According to the NSSO survey performed between July 2017 and June 2018, only 4.4 percent of rural households own a computer, compared to 14.4% in metropolitan areas. Only 14.9 percent of rural homes have access to the internet, compared to 42 percent of urban homes. Similarly, only 13% of people over the age of five in rural areas have access to the internet, compared to 37% in urban regions.

  3. Regional Divide:

    The number of people with access to computers and knowledge of how to use the internet varies substantially throughout states. In both rural and urban areas, Himachal Pradesh tops the country in internet connectivity. The state with the most computers in urban areas is Uttarakhand, whereas Kerala has the most computers in rural regions. Kerala is the state with the smallest gap between rural and urban areas.

  4. Digital Gender Divide:

    India has one of the world's largest gender gaps in technology access. According to the GSMA's 2020 mobile gender gap report, only 21% of women in India have access to the internet, while 42% of males have. According to the report, while 79 percent of men in the country own a cellphone, only 63 percent of women do. While financial constraints to owning a cellphone or laptop exist, cultural and social conventions also play a significant role. The disparity in mobile usage between men and women sometimes exacerbates other inequities for women, such as access to information, economic prospects, and networking chances.

Closing the Digital Divide:

India's digital divide is still wide, with more than 400 million people without internet access. In addition, there is a significant spatial digital gap (internet density in rural areas is lower than in metropolitan regions), as well as a significant gender digital difference (far fewer women have access to smartphones than men).

The Indian government is taking substantial effort to improve its information and technology skills in order to address the country's digital divide.

  • India's Digital Future Government initiatives to expand internet connectivity in the country. On the linked website, you may learn more about Digital India. Among the efforts that fall within this heading are:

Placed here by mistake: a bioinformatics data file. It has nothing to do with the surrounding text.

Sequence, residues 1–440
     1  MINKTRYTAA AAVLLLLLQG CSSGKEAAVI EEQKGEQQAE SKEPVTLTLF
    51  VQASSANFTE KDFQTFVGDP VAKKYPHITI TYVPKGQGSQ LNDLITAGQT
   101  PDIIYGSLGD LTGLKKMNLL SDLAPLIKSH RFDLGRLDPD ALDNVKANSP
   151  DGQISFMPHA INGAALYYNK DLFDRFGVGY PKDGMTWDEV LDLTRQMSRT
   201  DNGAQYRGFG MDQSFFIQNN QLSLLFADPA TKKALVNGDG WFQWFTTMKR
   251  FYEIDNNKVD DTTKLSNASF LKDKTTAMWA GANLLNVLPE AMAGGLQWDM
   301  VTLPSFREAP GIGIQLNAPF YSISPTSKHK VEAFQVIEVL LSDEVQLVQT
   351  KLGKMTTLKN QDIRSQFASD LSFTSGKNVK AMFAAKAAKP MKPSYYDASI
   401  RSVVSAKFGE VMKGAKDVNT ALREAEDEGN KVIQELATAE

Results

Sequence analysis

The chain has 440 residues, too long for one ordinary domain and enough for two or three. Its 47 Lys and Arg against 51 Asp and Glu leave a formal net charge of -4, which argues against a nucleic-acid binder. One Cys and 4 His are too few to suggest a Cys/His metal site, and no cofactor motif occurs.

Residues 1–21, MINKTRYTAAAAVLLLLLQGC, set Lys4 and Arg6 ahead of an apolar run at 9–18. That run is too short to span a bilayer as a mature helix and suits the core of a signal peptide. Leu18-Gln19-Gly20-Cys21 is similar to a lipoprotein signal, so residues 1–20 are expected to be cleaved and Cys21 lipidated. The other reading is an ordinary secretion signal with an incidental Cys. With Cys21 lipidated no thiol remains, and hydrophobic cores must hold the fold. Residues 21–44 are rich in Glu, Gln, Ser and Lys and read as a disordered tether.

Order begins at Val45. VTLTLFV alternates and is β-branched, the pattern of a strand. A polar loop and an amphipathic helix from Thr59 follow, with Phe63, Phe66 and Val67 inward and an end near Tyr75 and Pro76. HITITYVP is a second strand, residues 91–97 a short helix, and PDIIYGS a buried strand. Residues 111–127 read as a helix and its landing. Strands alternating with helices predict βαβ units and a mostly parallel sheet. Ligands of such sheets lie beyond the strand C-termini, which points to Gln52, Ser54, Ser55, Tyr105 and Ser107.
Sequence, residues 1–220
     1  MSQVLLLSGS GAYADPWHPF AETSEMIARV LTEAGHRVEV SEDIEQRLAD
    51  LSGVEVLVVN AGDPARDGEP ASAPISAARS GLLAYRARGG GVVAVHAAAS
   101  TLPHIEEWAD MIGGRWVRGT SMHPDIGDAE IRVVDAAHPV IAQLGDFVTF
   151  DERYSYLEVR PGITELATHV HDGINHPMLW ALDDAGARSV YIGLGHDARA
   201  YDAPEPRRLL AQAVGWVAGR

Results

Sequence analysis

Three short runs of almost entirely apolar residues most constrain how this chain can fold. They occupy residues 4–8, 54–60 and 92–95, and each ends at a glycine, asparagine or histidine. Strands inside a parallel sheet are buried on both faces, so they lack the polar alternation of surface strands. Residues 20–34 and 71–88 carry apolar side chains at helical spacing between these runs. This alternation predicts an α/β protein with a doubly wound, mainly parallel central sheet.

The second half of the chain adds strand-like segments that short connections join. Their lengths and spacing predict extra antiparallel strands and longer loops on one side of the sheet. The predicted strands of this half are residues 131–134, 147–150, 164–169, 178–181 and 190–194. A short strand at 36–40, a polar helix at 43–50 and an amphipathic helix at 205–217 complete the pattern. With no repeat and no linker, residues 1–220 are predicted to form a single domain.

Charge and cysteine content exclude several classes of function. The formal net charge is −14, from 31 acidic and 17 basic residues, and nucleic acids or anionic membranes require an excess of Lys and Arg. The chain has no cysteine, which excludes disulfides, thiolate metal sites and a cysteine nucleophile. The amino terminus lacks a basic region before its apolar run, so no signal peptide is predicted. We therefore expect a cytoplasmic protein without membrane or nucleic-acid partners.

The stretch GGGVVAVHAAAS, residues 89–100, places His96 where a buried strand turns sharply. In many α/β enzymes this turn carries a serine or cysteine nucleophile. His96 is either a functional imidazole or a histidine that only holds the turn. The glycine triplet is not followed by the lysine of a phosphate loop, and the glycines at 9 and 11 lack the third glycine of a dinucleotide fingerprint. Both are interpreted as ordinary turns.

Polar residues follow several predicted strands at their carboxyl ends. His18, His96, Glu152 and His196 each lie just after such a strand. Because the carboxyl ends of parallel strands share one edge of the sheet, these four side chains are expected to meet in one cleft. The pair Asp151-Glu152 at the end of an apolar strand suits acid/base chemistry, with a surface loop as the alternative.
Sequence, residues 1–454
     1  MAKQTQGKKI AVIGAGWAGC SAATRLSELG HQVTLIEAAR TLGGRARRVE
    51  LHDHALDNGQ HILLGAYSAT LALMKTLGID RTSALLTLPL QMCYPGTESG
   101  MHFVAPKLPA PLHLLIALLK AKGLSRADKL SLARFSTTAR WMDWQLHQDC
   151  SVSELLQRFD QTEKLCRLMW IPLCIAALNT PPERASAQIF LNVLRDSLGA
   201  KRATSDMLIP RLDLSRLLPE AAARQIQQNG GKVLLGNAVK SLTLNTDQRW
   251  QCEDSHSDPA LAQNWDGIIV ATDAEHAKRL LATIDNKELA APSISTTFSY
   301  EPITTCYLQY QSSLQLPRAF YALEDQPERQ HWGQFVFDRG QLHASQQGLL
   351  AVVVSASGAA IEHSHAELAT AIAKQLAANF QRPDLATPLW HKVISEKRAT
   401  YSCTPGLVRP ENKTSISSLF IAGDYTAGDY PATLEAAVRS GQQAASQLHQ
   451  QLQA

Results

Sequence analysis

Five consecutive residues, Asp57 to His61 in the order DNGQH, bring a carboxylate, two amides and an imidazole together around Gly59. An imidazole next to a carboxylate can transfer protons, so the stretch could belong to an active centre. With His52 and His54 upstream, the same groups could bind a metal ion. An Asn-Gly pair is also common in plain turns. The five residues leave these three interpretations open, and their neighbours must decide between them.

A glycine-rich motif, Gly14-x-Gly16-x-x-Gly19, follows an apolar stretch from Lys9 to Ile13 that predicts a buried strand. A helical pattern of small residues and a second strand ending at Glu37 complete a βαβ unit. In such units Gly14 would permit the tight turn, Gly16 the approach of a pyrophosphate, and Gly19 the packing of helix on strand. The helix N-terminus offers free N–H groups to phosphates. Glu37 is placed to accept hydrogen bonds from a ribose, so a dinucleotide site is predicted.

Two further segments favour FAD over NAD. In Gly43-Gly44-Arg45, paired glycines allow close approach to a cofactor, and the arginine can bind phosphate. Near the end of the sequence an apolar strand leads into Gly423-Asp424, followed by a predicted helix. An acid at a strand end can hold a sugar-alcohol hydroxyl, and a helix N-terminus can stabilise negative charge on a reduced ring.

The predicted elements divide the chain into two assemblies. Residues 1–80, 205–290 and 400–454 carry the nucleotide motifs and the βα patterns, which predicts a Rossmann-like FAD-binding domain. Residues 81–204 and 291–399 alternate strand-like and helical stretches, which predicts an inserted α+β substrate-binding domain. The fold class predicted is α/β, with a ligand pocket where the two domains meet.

• The BharatNet project was initiated in 2011 with the goal of connecting India's villages and connecting 0.25 million panchayats over an optical fibre network (100 MBPS).
    • The National Digital Literacy Mission and the Digital Saksharta Abhiyan were established by the government in 2014.
    • The government announced various programmes as part of its Digital India campaign in 2015, with the goal of connecting the entire country.
    • The PM Gramin Digital Saksharta Abhiyan was launched in 2017 with the goal of bringing digital literacy to 60 million rural Indian families.
  • Because of the importance of digital literacy, India's Supreme Court has declared the ability to access the Internet as a basic right, incorporating it within Article 21 of the Constitution's right to privacy and right to education.
  • Google India and Tata Trusts jointly established the Internet Saathi Program in 2015. The goal of this project is to help rural Indian women become more digitally literate.
  • The National Optical Fibre Network (NOF-N) is a project that aims to provide broadband access to over two lakh (200,000) gramme panchayats across India.
  • Unnati Project — Hindustan Petroleum Corporation Limited (HPCL), which aims to close the digital divide in schools by providing computer education to rural pupils from low-income families.
  • Radio broadcasting is used for children in distant locations who are not online on Air Shiksha Vani, DAISY by NIOS for differently abled, and e-PathShala.

How ACT Fibernet has helped bridge the gap -

  1. Providing Hotspots to Migrant Labour Camps in Bangalore:

    Most of us hear & see the plight that migrant workers are undergoing during the pandemic. While we feel for their cause, our team at ACT went ahead and tried making a slight difference to their lives. We set up 8 wifi hotspots and 2 TVs connected with our 4K streaming device (to browse channels and watch movies) at the migrant labourer camp at Thanisandra (behind Manyata Tech Park) to provide communication and entertainment for 1000 people who are housed there. Today, they can browse the internet with 20 mbps speed and unlimited data.

  2. Connecting Parks to Build a Smart City:

    ACT Fibernet created Wifi Hotspots at Nageshwara Park, Chennai inaugurated by Dr. R. Natarajan IPS (MLA Of Mylapore and former DGP of TN) and Mr. Prakash IAS, Commissioner of Greater Chennai corporation on 6th March '2020 to help in building of smart cities.

  3. Knowledge Centre Inaugurated in City Armed Reserve (CAR) Headquarters:

    ACT Fibernet helped in creating a knowledge centre for children of City Armed reserve at the Police quarters of CAR headquarters at Mysore Road, Chamarajpet. The knowledge centre was set up with computers, library, educational material, etc. ACT Fibernet also conducted basic computer courses for the children.

  4. Launch of DAISY software for the visually Impaired:

    ACT Fibernet, along with Karna Vidya Foundation to develop a DAISY format to help blind students study 11th and 12th std syllabus of CBSE and TN state board. The whole syllabus can now be converted from text to speech format.

We, at ACT Fibernet, will continue to march towards digital inclusion!

You can know more about our CSR initiatives here.

Read tips and tricks to increase your wifi speed here